Category Archives: hollywood

“It” features strong characters and silly jump scares

The original “It” is a campy yet well-remembered miniseries that created the distinctly memorable Pennywise (originally Tim Curry). Adjusting for modern day standards, the possibility to create a new terror clown for a new generation is ripe with potential. The filmmakers behind the new “It” hit most of the right marks whether or not their intention was pure horror.

Directed by Andy Muschietti, “It” tells the story of a small Maine town called Derry, where a demonic, transforming creature hunts and devours children. After his brother, Georgie (Jackson Robert Scott), disappears, Bill (Jaeden Lieberher) struggles with coming to terms that Georgie in fact may be dead. A loser in the town, he, along with his friends Richie Tozier (Finn Wolfhard), Eddie Kaspbrak (Jack Dylan Grazer), and Stanley Uris (Wyatt Oleff), are bullied and tormented by older kids and misunderstood and disrespected by their parents and the adults around them. When they meet new girl in town Beverly Marsh (Sophia Lillis) and discover the secrets of Pennywise (Bill Skarsgard), they must band together despite their past and fears to stop him.

The characters are fleshed out and strong. Each of the kids has a distinct personality and arc that contributes to the overall story. Their harsh parents admonish in some cases abuse them, really reflecting author Stephen King’s sensibilities and tone. The kids’ bond is so strong because of their lack of upbringing and support. With no one else to turn to, their friendship is their only hope. Adults and adulthood are toxic and this is represented by Pennywise, a manifestation of the fear of growing up.

Skarsgard excels as the demonic clown, bringing new terror to an already iconic role. He manages to make Pennywise his own creation quite different and more extreme than the previous version. He is scary, campy, funny and disorienting.

The scares of the film are where things fall either positively or negatively depending on your experience. For those genuinely frightened by modern-day jump scares, the film will be terrifying. For those who find such tactics hokey and pedestrian (writer included), there is little terror and indeed several instances of laughter. But in a film such as this, it’s okay if not everything is not taken very seriously. It is a story about a demonic clown after all. Much like Freddy Krueger, Pennywise is so fantastical that the ingenuity of his terror is fun. In a way, this can be construed to show us how silly our fears really are in the grand scheme of things.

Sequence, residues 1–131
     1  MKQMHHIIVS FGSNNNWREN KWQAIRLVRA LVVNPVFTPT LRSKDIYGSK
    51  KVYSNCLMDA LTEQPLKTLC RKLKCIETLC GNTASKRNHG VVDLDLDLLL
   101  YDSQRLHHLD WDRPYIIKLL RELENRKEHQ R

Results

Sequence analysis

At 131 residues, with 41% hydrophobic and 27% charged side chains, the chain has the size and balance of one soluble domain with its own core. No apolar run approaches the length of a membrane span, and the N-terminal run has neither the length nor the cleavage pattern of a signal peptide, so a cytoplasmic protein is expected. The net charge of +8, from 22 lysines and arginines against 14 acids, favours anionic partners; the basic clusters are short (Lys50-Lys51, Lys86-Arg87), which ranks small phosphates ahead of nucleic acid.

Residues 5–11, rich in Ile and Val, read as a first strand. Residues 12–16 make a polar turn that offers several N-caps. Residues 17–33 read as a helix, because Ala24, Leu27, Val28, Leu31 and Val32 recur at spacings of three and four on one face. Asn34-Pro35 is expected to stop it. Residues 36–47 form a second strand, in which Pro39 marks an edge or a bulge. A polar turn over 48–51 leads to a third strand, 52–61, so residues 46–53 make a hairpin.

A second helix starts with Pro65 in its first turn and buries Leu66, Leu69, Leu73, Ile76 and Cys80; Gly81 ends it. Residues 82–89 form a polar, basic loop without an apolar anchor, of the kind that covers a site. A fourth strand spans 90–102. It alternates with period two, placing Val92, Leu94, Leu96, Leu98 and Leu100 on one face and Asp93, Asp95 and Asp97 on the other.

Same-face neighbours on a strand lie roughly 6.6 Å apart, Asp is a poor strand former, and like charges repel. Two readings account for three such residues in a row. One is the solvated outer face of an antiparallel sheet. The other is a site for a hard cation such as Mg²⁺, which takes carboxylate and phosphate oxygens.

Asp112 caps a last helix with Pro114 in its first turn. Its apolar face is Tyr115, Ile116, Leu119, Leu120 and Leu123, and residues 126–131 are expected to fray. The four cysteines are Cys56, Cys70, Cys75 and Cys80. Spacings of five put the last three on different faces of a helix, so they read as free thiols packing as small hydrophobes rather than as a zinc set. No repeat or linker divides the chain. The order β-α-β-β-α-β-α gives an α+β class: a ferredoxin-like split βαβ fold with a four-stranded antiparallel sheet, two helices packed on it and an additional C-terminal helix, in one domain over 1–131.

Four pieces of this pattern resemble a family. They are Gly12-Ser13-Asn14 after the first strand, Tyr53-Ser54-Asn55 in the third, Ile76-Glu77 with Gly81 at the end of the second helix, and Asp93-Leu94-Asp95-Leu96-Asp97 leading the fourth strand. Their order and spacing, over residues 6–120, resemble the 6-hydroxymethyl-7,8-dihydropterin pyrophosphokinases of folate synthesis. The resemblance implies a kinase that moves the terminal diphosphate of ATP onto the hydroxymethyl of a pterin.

The film is a bit too long, but a beating heart at the core of the story powers the narrative through to its conclusion. It is definitively Stephen King’s original work brought to life onscreen.


“Murder on the Orient Express” is fine but lacks gravitas

Directed and starring Kenneth Branagh, “Murder on the Orient Express” tells the story of Hercule Poirot (Branagh) in one of his most famous cases. When Mr. Ratchet (Johnny Depp) is murdered in the dead of night aboard the Orient Express, everyone in the coach is a suspect. Could it be Miss Debenham (Daisy Ridley)? Or Dr. Arbutnot (Leslie Odom Jr.)? Or perhaps the butler, Edward Masterman (Derek Jacobi)?

The film is a fun, if ultimately forgettable, jaunt into an old time mystery. The movie plays it up hokey at times and it could have done so even more. Keeping things light and campy would have really accentuated the classic sense of the film and harken back to an oldtime era. As it is, the reason behind the movie is more of a mystery. It tries to incorporate modern technique into an old story but comes across as too beholden to the past. Perhaps it is just a vanity project as it is directed, starred in and produced by Branagh.